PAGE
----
Although the specific-conditional entropy ${\displaystyle \mathrm {H} (X|Y=y)}$ can be either less or greater than ${\displaystyle \mathrm {H} (X)}$ for a given random variate ${\displaystyle y}$ of ${\displaystyle Y}$, ${\displaystyle \mathrm {H} (X|Y)}$ can never exceed ${\displaystyle \mathrm {H} (X)}$.

## Conditional differential entropy

### Definition

The above definition is for discrete random variables. The continuous version of discrete conditional entropy is called conditional differential (or continuous) entropy. Let ${\displaystyle X}$ and ${\displaystyle Y}$ be a continuous random variables with a joint probability density function ${\displaystyle f(x,y)}$. The differential conditional entropy ${\displaystyle h(X|Y)}$ is defined as[3]: 249

${\displaystyle h(X|Y)=-\int _{{\mathcal {X}},{\mathcal {Y}}}f(x,y)\log f(x|y)\,dxdy}$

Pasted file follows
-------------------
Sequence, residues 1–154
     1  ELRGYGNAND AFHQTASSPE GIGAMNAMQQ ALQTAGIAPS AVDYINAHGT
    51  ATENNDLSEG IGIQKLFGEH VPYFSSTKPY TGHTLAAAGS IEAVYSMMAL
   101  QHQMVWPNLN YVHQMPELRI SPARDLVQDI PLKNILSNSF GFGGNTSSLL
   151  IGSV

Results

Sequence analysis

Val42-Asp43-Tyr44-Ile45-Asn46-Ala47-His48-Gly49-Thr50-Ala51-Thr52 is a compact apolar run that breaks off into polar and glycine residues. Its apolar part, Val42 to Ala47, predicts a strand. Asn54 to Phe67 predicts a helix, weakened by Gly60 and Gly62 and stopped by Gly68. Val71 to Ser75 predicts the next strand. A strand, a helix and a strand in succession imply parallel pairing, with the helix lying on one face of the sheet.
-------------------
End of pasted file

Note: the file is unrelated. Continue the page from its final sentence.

(Eq.2)

### Properties

In contrast to the conditional entropy for discrete random variables, the conditional differential entropy may be negative.

As in the discrete case there is a chain rule for differential entropy:

${\displaystyle h(Y|X)\,=\,h(X,Y)-h(X)}$[3]: 253

Notice however that this rule may not be true if the involved differential entropies do not exist or are infinite.

Joint differential entropy is also used in the definition of the mutual information between continuous random variables:

${\displaystyle \operatorname {I} (X,Y)=h(X)-h(X|Y)=h(Y)-h(Y|X)}$

${\displaystyle h(X|Y)\leq h(X)}$ with equality if and only if ${\displaystyle X}$ and ${\displaystyle Y}$ are independent.[3]: 253

### Relation to estimator error

The conditional differential entropy yields a lower bound on the expected squared error of an estimator. For any random variable ${\displaystyle X}$, observation ${\displaystyle Y}$ and estimator ${\displaystyle {\widehat {X}}}$ the following holds:[3]: 255

${\displaystyle \mathbb {E} \left[{\bigl (}X-{\widehat {X}}{(Y)}{\bigr )}^{2}\right]\geq {\frac {1}{2\pi e}}e^{2h(X|Y)}}$

This is related to the uncertainty principle from quantum mechanics.

## Generalization to quantum theory

In quantum information theory, the conditional entropy is generalized to the conditional quantum entropy. The latter can take negative values, unlike its classical counterpart.